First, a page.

Teaching Toddlers Healthy Eating Habits

According to an article by the Baylor College of Medicine, ten percent of children between the ages of 2 and 5 are overweight.  The obesity rates for children have tripled in the last thirty years.  That is an alarming trend that must be changed for the sake of our children’s health.  There are a lot of guidelines for nutrition with school-aged children, but what about starting even earlier?  Can we impact children’s health by beginning with them when they are toddlers?

In fact, it is best to start when they are first introduced to solid food.  That is often when they are the most agreeable to try new foods.  It is important to start them out on healthy foods that they need to eat when they are older instead of introducing them to French fries and junk food.  Introducing them to fruits and vegetables will start them on a nutritionally healthy path for the future.

Toddlers are known to be picky eaters who avoid trying new foods.  It can be difficult to get them to make healthy choices at this age.  There are several things the parent can do to provide healthy influence on their eating habits without causing food battles at every meal.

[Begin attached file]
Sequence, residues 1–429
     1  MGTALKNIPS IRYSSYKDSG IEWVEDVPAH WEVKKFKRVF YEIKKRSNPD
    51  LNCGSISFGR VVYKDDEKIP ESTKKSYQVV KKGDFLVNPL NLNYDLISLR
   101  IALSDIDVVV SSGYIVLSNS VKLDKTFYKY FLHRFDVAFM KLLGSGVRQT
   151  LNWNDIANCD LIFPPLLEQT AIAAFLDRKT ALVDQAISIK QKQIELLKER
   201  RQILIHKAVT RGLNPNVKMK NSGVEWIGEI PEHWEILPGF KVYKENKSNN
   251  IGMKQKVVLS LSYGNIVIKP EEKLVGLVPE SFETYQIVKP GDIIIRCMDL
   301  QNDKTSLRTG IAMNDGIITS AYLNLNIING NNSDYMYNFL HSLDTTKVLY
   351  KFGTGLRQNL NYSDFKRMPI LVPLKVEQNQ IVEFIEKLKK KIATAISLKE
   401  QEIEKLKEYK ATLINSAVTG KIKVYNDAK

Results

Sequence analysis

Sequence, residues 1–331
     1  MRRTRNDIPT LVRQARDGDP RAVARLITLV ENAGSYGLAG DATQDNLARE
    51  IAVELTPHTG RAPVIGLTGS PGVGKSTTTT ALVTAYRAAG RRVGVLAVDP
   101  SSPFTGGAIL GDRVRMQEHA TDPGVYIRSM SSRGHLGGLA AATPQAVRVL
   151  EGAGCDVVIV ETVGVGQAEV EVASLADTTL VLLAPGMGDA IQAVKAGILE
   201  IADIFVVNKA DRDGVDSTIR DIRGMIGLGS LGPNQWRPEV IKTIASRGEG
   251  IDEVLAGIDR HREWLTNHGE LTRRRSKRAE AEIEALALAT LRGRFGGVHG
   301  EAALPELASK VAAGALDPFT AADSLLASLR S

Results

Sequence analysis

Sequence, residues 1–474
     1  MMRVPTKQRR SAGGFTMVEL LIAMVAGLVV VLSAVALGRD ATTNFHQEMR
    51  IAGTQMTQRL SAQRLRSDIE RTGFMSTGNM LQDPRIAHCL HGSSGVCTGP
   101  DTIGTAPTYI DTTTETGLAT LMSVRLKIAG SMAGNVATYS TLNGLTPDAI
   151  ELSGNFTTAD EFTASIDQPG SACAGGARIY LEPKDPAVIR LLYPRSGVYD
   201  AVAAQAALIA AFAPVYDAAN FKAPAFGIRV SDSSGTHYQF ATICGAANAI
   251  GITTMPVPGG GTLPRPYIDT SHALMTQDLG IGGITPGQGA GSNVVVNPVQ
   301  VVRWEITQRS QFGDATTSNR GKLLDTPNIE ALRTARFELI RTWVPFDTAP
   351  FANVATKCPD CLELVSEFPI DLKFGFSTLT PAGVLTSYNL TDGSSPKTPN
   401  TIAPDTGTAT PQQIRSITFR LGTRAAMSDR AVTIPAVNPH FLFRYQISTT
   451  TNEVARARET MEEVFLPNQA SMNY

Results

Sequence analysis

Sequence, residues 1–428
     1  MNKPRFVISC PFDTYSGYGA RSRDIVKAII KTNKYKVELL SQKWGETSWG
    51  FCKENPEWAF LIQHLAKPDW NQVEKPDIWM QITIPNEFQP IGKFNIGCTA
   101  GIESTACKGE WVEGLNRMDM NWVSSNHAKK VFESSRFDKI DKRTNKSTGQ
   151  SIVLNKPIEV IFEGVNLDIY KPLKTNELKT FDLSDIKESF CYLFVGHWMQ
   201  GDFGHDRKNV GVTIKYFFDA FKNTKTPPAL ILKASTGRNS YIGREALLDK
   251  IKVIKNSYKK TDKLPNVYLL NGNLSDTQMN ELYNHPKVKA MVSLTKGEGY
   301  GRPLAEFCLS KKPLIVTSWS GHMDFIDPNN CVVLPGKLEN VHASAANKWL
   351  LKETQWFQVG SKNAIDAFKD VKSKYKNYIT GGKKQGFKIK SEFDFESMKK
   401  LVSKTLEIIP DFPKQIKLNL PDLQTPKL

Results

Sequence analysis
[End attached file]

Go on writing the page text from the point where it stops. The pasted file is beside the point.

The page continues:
1.  Divide the responsibility.
Remember it is the parent’s job to provide the food choices in the home but it is the child’s choice of what to eat and when.  As it’s been said many times, when they are hungry, they will eat.  Don’t stress about how much or how little your child eats if you are providing healthy choices for them.
2.  Be willing to experiment.
Yes, toddlers are picky eaters.  But that doesn’t mean you can’t offer new foods for them to try.  According to the Weight-Control Information Network, it can take 10 tries for a child to like a new food, so you have to keep serving it even if they don’t like it at first.  And while you can get older children to try new foods, toddlers often refuse to even take a taste.  Don’t force the issue; just let them see you eating it and they may ask for a bite later.  Even if they don’t, they are learning by watching what you eat.  You can also put it on their plate.  Sometimes touching a food will get them used to the texture and they will be willing to taste it.
3.  Set a good example.
This may be the most important thing you can do to influence your toddler’s eating habits.  That’s why eating together as a family is so important.  They watch what you’re eating and how you treat food.  You may want to look at your eating habits and see if they are the kind of habits you want your child to follow.  Being healthy is a family affair.  All of the tips you’ve heard for children, like eating fruit for a snack instead of cookies will be wasted if your toddler sees you with a bag of potato chips.
4.  Don’t be too strict.